Oven safe. Carbon steel pans are completely oven safe. The carbon in the steel helps it handle extremely high temperatures without warping. As a result, most carbon steel pans can go right from your stove to your over, or vice versa.

Lightweight. Cast iron is heavy. A lot of modern cast iron pans are made by pouring iron into a mold. The result tends to be bulky and not easy to move around on the stove. On the other hand, carbon steel pans are lighter. They are stamped out of a sheet of steel, leading to a thinner and lighter design. If you’re interested in sautéing or moving your pan around, carbon steel is a lot more maneuverable.

Durable. Many nonstick and aluminum pans dent, scorch, and burn. As a result, they wear out and become less effective over time. That’s not a problem with carbon steel. As long as you take care of your carbon steel pans, they will last for decades – or longer.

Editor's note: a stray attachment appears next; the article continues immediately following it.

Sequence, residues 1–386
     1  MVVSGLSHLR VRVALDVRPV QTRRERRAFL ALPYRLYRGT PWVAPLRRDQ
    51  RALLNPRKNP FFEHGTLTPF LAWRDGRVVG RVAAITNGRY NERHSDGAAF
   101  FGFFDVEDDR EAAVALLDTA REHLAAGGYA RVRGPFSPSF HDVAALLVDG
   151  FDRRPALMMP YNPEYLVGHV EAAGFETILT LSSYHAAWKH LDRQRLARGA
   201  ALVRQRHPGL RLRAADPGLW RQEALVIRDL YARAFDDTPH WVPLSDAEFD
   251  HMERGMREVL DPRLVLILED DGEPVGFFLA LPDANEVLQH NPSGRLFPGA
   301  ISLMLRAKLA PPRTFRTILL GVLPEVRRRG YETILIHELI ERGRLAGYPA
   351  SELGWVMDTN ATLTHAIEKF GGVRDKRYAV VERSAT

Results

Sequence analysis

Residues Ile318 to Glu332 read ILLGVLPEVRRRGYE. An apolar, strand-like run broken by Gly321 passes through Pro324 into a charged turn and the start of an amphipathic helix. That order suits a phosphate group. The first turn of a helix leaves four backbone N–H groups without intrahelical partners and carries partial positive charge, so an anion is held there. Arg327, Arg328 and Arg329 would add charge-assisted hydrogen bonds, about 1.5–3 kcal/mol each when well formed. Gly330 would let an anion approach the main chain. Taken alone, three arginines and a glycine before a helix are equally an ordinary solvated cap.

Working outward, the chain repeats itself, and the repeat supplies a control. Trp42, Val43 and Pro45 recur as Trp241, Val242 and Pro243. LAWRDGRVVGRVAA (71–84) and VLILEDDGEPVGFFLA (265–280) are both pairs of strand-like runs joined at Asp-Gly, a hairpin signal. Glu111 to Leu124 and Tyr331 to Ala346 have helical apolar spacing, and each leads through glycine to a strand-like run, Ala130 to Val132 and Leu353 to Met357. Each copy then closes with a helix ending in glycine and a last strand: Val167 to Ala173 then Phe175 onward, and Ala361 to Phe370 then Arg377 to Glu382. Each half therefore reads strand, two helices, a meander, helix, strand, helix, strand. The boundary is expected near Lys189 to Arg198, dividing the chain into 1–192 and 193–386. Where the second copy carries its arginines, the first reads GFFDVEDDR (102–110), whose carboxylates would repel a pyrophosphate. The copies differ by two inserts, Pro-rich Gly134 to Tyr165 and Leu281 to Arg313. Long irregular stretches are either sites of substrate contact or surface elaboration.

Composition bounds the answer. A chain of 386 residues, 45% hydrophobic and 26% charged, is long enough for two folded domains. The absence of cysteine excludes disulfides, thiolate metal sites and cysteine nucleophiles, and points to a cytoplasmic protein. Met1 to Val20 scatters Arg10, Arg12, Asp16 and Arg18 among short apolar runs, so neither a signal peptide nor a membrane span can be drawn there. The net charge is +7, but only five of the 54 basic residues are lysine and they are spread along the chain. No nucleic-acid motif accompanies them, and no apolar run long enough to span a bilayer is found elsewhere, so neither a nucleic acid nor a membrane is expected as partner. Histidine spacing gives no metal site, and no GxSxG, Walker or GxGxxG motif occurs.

Versatile. Carbon steel cookware can go in the oven. It can be safely used on glass-top stoves, electric burners, and gas ranges. The result is that carbon steel is one of the most versatile materials you could add to your kitchen.

Affordable. Carbon steel pans are easy to make – the sheet of steel just goes through a press and then a simple handle is bolted on. As a result, carbon steel pans are often less expensive than aluminum or even high-end non-stick pans.

Cons of Carbon Steel

Maintenance. The biggest potential downside to carbon steel is that it can corrode if you don’t care for it properly. Carbon steel is not rust-proof like stainless steel or aluminum. To keep your carbon steel cookware in good working order, you need to keep it seasoned the same way you season cast iron. You can’t put carbon steel in the dishwasher or use dish soap on it, either. That cuts through the seasoning and ruins its finish.

Hot handles. Carbon steel cookware handles can conduct heat just as well as the rest of the pan can. When you’re cooking with carbon steel, you might find that the handle gets quite hot as a result. Some people use dry kitchen cloths or a baking mitt in order to move their carbon steel pans around.

Potentially sticky. When properly cared for, carbon steel pans are some of the best nonstick cookware around. However, if their seasoning is damaged, food will start to stick. If your food is clinging to carbon steel cookware, you probably need to clean it and reseason it before it’s ready to go again.